Final assessment

The final assessment takes place at the end of the programme in order to determine the levels individual students have achieved in relation to the stated objectives for each subject group and for the personal project.
Teachers administer appropriate sets of assessment tasks and rigorously apply the prescribed assessment criteria defined for each subject group. The type of assessment tools available to teachers include all forms of:

  • oral work
  • written work
  • practical work

Teachers select appropriate tasks and assessment tools according to:

  • The resources available within the school.
  • The subjects to which they are being applied.
  • The particular objectives that are being measured.

Grades from 1 (lowest) to 7 (highest) are awarded to final-year students, for each subject, and for the personal project, according to predefined grade boundaries based on the levels students have achieved.

There are no formal examinations set or marked by the IB. Instead, the IB validates the grades of final-year students in schools that request this service and issues certificates to those students who reach a required standard.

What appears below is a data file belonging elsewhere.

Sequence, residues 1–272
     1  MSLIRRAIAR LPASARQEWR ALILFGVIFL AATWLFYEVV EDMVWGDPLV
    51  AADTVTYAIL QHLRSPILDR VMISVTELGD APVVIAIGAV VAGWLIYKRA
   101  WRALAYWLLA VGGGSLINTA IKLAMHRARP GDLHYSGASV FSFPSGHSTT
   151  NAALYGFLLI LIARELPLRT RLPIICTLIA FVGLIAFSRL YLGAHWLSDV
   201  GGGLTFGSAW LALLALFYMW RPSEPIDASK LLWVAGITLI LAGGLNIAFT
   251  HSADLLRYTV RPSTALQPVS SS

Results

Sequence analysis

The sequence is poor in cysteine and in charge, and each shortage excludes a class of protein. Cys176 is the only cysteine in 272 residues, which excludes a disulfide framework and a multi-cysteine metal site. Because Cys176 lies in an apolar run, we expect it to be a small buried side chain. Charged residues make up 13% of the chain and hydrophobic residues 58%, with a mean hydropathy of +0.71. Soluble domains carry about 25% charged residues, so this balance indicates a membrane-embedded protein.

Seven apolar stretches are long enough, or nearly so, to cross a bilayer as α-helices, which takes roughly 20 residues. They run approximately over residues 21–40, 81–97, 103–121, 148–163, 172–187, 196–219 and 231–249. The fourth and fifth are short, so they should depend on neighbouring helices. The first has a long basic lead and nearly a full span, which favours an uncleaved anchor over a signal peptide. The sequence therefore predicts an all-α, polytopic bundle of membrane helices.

Describing levels of achievement. They vary in detail for each subject group.

Describing levels of achievement.

Grade

Descriptor

Grade 1

(Very weak)

Minimal achievement in terms of the objectives.

Grade 2 (Weak)

Very limited achievement against all objectives. The student has difficulty in understanding the required knowledge and skill, and is unable to apply them fully in normal situations, even with support.

Grade 3

(Below average)

Limited achievement against most of the objectives, or clear difficulties in some areas. The student demonstrates a limited understanding of the required knowledge and skills and is only able to apply them fully in normal situations with support.

Grade 4 (Satisfactory)

A good general understanding of the required knowledge and skills, and the ability to apply them in normal situations. There is occasional evidence of the skills of analysis, synthesis and evaluation.

Grade 5 (Good)

A consistent and thorough understanding of the required knowledge and skills, and the ability to apply them in a variety of situations. The student generally shows evidence of analysis, synthesis and evaluation where appropriate and occasionally demonstrates originality and insight.

Grade 6 (Very Good)

A consistent and thorough understanding of the required knowledge and skills, and the ability to apply them in awide variety of situations. Consistent evidence of analysis, synthesis and evaluation where appropriate. The student generally demonstrates originality and insight.

Grade 7 (Excellent)